her extraordinary display of trust and friendship with
I’m not one to analyse my creativity and I’m not sure
Dawes. Patyegarang shared her language with him,
where all the songs come from, but generally they
helping him understand the importance of her world.
appear to me in my dreams. Of course everywhere
Now allowing us to ask questions about what it must
we go, everyday, there’s inspiration all around us
have been like living on the Eora nation during that
waiting for a creative soul to embrace it and tell the
period. But the biggest question for me was, ‘how
stories in the only way they know how; and my way is
close was their relationship?’
The style of music for Patyegarang has evolved
My father told me that I am a messenger, a songman
organically. After Stephen and I talk about each
of my people and I’m lucky to have a brother like
section, I’ll dream up a melody on the piano and
Stephen. Without his dreaming, none of this would
structure an arrangement, resourcing sounds of
have ever happened. I hope you enjoy the story of
modern vocals and melodies with hints of classical
Patyegarang, and I hope we have done her proud.
JACOB NASH SET DESIGN As a theatre designer I am always observing, looking
harbour, that let me breathe and imagine, as well as
around me to take in not only the larger landscape, but
seeking the essence of this country before white man
more importantly the details within it. Searching for
arrived. And then it is a process of stripping back the
the visual stories that live in the land, in its people and
layers of the urban sprawl to find purity and essence
in the artefacts of that place.
of colours, textures and a process of revealing the
In this yearâ€™s work, Patyegarang, I have had the
inner spirit of this country.
opportunity to design a work that is from Eora
One of the beautiful qualities of Eora country and
country, which is the country I now live on and
Sydney is light and colour and how they affect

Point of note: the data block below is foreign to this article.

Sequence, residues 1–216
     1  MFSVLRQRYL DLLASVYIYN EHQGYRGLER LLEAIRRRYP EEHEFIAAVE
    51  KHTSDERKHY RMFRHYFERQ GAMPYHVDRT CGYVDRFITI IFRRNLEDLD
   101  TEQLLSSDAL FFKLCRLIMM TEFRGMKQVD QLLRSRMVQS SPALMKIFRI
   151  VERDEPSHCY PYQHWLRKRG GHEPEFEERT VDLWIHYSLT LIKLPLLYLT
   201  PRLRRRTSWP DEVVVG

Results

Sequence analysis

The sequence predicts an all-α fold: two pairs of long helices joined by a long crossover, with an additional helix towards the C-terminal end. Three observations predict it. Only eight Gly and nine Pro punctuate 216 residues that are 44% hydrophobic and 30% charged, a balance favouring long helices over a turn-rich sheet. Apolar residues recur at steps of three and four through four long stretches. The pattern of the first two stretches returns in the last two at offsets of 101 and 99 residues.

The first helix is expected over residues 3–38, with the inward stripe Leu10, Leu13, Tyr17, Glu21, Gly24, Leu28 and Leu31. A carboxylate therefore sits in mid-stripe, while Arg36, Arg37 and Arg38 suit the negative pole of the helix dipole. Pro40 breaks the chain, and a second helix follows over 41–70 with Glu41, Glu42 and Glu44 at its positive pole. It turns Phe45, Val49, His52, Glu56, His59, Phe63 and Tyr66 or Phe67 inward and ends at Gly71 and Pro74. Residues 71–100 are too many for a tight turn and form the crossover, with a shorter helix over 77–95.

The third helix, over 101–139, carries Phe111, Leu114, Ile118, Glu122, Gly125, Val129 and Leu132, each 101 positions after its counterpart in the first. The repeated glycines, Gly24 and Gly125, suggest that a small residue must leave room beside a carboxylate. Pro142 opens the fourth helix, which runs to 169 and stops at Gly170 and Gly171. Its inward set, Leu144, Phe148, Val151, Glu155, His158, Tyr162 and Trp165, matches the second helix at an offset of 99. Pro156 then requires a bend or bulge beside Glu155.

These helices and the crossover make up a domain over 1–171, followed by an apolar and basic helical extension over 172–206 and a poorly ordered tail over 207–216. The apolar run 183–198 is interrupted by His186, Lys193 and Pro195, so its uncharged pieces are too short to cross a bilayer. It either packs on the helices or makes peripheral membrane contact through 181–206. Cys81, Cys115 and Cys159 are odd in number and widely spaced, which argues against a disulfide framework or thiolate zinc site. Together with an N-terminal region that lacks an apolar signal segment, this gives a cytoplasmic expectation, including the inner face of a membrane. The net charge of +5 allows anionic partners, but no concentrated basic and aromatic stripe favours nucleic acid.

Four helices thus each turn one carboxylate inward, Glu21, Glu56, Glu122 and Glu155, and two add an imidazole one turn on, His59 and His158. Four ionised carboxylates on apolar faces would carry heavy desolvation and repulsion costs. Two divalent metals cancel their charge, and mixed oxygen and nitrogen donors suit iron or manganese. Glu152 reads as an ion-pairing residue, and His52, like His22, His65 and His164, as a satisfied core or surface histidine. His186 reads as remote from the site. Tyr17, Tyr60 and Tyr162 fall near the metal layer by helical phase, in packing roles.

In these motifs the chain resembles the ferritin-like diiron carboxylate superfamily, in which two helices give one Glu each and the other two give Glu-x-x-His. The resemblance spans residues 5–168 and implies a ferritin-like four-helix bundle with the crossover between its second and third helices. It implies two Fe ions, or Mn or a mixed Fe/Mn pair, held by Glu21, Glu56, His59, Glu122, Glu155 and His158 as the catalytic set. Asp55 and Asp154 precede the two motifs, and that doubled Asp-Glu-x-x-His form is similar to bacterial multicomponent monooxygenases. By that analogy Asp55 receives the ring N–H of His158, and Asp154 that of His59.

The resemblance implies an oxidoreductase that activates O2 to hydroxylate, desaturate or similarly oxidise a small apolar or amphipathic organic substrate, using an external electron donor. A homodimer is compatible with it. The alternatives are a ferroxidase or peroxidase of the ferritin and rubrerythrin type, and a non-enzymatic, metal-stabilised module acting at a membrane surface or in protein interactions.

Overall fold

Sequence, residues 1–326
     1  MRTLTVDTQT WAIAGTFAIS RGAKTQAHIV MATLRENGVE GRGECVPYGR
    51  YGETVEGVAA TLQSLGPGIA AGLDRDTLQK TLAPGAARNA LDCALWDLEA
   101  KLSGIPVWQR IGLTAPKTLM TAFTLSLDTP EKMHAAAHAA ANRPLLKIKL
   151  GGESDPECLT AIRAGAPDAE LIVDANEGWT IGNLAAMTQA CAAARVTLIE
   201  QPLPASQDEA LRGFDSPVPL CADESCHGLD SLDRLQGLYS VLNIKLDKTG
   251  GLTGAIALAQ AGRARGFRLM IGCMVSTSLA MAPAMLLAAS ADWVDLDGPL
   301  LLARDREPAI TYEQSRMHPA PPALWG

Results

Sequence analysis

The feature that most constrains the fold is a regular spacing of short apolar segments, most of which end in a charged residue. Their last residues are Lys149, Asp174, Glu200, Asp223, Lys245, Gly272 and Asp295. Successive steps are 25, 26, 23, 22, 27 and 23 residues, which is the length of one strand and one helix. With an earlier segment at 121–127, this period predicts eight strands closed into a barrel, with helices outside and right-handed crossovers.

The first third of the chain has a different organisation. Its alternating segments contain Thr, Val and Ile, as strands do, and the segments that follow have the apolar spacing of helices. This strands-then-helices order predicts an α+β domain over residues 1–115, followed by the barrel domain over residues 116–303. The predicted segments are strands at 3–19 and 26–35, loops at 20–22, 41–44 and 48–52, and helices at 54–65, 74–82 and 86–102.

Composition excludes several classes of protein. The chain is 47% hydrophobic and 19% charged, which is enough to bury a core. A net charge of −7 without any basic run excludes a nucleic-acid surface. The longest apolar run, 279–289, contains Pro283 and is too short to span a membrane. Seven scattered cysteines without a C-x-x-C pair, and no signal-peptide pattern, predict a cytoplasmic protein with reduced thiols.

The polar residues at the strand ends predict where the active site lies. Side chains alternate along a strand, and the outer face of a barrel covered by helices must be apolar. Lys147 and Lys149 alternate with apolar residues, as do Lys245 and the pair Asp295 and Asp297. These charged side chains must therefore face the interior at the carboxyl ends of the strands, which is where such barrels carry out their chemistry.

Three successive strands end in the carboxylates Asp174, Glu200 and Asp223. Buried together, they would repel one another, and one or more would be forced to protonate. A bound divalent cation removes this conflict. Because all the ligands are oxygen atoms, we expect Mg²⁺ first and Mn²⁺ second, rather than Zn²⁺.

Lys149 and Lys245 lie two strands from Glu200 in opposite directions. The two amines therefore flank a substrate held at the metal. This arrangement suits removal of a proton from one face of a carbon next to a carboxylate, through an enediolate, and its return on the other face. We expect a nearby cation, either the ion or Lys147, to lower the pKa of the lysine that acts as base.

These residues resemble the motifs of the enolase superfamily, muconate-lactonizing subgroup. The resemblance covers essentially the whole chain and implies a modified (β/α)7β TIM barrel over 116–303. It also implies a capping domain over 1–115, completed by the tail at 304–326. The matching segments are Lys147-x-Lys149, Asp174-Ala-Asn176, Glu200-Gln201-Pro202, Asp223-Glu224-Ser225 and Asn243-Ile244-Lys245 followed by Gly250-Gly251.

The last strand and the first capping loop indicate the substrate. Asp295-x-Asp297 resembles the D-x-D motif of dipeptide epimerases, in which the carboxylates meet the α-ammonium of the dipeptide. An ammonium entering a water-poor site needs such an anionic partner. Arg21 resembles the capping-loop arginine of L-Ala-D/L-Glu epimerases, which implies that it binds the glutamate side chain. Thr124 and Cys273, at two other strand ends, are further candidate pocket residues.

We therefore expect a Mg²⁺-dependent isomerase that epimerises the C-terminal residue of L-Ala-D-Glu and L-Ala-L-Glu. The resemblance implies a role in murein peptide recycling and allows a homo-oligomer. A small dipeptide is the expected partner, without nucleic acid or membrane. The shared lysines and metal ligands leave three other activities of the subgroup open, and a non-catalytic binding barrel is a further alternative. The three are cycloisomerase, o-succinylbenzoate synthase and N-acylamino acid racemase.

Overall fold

the country Bangarra calls home.
the water of the harbour and the sandstone that
Because of this, all the inspiration for the design was, for the first time, all around me and from a country that I am very familiar with. This presents its own specific design challenges of which the largest is being able to reinterpret the land I live on and travel across everyday. I had to shift my vision from the distractions of daily life and begin to see the urban landscape through the eyes of Patyegarang. My gaze was directed away from the cityscape of familiarity and urban sprawl as I asked the question: what was there before and what would that look like? What would that feel like? I looked for suggestions in the landscape, listened, met contemporary caretakers of this land and made a stronger connection to the urban landscape with the hope of discovering what lies beneath. My eyes, ears and sense of smell were retrained as I let the spirit and story of Patyegarang guide me. In doing this I have tried to find moments and places around the
surrounds its edges differently throughout the day. In creating the world for Patyegarang to live in, I have tried to find a visual solution that holds the ethereal qualities of this country and create an emotional response to her story and the land it is from. And thus the colour palette I have explored and the textures I am using are a collection from around the Harbour. They are in my life every day and being able to find a contemporary way to explore and create with them has been a rich and unexpected experience. Hopefully I have been able to capture an essence of the world Patyegarang knew and the design holds the qualities needed for her story to be told today. In such an important year at Bangarra it has been a privilege to collaborate with the company and my fellow creatives Stephen, David, Jenny and Nick in telling a story of such importance. I would particularly like to thank Stephen, for his vision, support, generosity and inspiring collaboration on Patyegarang.